Childhood development is a complex process that takes years to complete. It depends on a variety of factors, each of which is unique to the circumstances of the child. The environment determines part of the trajectory, but it is also partly to do with biology.
In this post, we’re going to take a look at all the things that parents need to know about their child’s development as they age. Please take note of the following:
Relationships Should Form The Bedrock Of Resilience
Resilience is an important life skill – and something you want your kids to begin to develop early on in life. Science suggests that relationships might be the bedrock of people’s ability to bounce back from difficult circumstances.
Kids shouldn’t, therefore, be told to “tough it out” and make their own way in life. Instead, they should be given a secure platform from which they can flourish. While there are stories of people who lost it all making success of their lives through sheer strength of character, episodes like these are not the norm. Most people who don’t have at least one secure relationship in their lives wind up spiralling out of control. Parents should be mindful of this fact.
Eliminating Danger Can Stall Development
As humans, we’ve always lived in the presence of danger. Until recently, the majority of people did not make it past their fortieth birthday.
The modern world, however, eliminates many of the significant risks that we face as individuals. Children in western countries are much less likely to contract cholera from contaminated drinking water, for example. And even if they do, there are medicines available to make them better.
Risk, though, is baked into developmental psychology. Children need to contend with it to develop into responsible adults who know how to respond appropriately when faced with a threat.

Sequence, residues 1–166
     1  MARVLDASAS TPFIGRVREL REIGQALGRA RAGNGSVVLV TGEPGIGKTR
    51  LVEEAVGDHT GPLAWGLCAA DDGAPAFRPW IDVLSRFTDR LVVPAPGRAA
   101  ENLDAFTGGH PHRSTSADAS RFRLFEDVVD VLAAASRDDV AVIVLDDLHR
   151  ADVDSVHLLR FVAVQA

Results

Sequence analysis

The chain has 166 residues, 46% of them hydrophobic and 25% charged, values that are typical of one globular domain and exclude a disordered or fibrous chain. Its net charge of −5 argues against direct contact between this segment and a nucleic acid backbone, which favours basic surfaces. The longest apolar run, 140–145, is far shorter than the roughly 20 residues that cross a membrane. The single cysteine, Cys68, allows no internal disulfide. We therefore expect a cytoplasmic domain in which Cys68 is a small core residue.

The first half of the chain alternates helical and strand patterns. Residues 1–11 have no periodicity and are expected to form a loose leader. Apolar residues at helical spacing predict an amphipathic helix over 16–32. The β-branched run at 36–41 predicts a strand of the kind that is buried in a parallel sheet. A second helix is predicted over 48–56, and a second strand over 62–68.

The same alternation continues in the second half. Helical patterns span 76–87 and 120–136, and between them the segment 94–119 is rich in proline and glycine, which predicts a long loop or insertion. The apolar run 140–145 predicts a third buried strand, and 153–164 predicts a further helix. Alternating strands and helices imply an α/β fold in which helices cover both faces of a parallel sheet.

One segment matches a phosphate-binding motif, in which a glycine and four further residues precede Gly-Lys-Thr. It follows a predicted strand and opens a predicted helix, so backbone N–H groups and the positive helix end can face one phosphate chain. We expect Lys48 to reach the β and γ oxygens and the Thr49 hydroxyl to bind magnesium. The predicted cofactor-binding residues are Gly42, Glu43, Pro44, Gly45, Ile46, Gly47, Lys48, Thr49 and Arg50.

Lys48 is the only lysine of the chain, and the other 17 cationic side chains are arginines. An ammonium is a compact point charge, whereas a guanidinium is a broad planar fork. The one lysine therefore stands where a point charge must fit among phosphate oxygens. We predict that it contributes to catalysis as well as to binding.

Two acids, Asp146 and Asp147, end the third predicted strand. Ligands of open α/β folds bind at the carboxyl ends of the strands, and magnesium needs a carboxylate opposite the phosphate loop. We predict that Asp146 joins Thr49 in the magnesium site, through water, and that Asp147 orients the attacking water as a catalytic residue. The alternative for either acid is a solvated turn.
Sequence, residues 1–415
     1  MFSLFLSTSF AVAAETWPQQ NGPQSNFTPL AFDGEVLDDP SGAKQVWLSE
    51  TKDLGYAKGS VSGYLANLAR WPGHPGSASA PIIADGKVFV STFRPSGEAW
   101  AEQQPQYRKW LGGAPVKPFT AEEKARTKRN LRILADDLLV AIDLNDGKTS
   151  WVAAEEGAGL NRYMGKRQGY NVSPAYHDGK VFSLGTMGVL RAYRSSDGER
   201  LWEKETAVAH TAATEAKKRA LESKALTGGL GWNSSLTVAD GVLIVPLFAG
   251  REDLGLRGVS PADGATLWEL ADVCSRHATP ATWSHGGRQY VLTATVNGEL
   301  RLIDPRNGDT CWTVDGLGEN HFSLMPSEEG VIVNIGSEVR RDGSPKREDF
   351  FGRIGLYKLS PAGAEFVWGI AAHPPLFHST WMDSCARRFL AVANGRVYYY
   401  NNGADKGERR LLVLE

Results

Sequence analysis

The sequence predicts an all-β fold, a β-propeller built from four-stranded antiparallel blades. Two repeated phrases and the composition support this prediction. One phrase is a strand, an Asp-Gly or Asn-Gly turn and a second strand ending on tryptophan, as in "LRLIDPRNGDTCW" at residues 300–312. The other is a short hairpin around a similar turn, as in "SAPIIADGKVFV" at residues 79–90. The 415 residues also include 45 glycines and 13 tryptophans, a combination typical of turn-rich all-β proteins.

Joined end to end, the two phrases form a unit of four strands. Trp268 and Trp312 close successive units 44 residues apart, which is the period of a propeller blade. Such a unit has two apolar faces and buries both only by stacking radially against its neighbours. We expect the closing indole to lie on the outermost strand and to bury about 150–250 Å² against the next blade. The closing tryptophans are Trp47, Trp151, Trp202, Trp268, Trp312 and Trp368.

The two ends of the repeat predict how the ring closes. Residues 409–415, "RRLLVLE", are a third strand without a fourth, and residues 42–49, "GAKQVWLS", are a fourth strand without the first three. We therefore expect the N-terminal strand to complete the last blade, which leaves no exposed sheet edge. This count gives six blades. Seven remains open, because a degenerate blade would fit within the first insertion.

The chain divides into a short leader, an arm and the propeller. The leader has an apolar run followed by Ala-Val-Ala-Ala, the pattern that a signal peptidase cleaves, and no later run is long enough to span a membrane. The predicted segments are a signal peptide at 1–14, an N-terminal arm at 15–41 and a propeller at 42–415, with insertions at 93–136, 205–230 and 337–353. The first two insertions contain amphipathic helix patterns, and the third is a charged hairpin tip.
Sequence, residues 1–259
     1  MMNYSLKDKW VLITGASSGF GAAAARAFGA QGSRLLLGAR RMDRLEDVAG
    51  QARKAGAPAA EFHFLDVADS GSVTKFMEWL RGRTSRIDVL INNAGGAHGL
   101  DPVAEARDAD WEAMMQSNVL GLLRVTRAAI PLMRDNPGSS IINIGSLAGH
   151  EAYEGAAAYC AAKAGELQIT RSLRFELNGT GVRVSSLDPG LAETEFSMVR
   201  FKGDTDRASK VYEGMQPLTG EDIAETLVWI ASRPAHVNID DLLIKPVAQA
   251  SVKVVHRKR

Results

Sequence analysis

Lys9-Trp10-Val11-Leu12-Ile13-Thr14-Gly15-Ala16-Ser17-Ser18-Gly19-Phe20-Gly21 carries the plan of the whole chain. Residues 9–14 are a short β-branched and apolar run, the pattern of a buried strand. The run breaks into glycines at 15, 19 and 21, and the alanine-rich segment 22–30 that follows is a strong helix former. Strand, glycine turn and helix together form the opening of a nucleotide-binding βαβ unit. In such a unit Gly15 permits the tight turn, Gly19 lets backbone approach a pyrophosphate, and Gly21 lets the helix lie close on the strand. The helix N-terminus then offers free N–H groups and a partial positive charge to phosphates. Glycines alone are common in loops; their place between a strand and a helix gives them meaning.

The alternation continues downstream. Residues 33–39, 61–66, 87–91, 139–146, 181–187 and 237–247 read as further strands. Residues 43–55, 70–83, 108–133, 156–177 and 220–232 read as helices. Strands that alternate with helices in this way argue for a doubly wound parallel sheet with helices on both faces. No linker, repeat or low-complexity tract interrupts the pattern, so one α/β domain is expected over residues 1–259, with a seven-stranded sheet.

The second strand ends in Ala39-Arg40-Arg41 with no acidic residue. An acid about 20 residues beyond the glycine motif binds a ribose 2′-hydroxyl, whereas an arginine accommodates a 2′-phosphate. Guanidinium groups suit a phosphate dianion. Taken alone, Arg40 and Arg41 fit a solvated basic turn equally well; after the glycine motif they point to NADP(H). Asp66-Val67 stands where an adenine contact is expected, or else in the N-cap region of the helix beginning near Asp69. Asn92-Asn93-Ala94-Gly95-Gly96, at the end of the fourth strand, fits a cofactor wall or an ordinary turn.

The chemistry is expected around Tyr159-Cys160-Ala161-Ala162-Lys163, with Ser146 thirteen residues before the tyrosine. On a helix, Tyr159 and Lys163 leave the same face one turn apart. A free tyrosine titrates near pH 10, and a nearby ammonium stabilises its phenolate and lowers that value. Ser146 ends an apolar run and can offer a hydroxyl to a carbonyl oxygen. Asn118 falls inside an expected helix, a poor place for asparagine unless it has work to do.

Parents, therefore, should be mindful of this. Removing children from dangerous experiences might hurt them in the long run by denying them the opportunity to develop suitable psychological tools.
Children should feel safe the vast majority of the time. But parents shouldn’t shy away from exposing them to danger in controlled environments.
Severe Neglect Is A Bad As Physical Abuse
All modern parents know that physically abusing children is a bad thing. But the issue of neglect – where parents fail to meet the emotional and physical needs of a child – may be just as bad.
Kids who are neglected, for instance, tend to have profound academic difficulties, problems with language, and difficulty concentrating on tasks. As they grow up, they struggle to form healthy relationships with their peers, leading to depression and loneliness.
Development Outcomes Depend On Lifestyle And Genes
Kids aren’t merely a product of their genes. Lifestyle and nurturing also make a big difference. The reason pediatric therapy works, for instance, is because early interventions change brain networks, leading to more positive outcomes. The way a person eventually turns out, therefore, is malleable.
Family traits obviously do play a role. But parents can also coach their children to help them move beyond their biology and become the best people they can be. Things like impulse control and delayed gratification can all help secure a brighter and more prosperous future.
Stress Can Affect Infants, And The Effects May Last A Lifetime
Infants can experience significant levels of stress early in their lives, even if they can’t understand a situation in the same way as, say, an adult can. Things like lack of food or absence of attention can all increase the risk for a variety of health conditions as the child gets older.
For instance, early experiences can affect multiple organ systems and lead to poor health outcomes in the future. Epigenetic changes induced by old traumas can lead to increased risk of heart disease and problems with mental health. Many infants, for instance, can go on to develop depression in the teenage years and early adult life.
Children Can Benefit From Relationships With Caregivers Outside The Family
While parents are a child’s primary relationship during the first few years of life, they can still benefit from the input of other adults during their development. In fact, close bonds with grandparents, uncles and even family friends can all make a big difference in how they grow up.
Parents should take note, though: high caregiver turnover might be a bad thing. Constantly switching daycare providers prevents kids from forming bonds with adults in their environment. And this, in turn, can undermine the ability to provide secure expectations.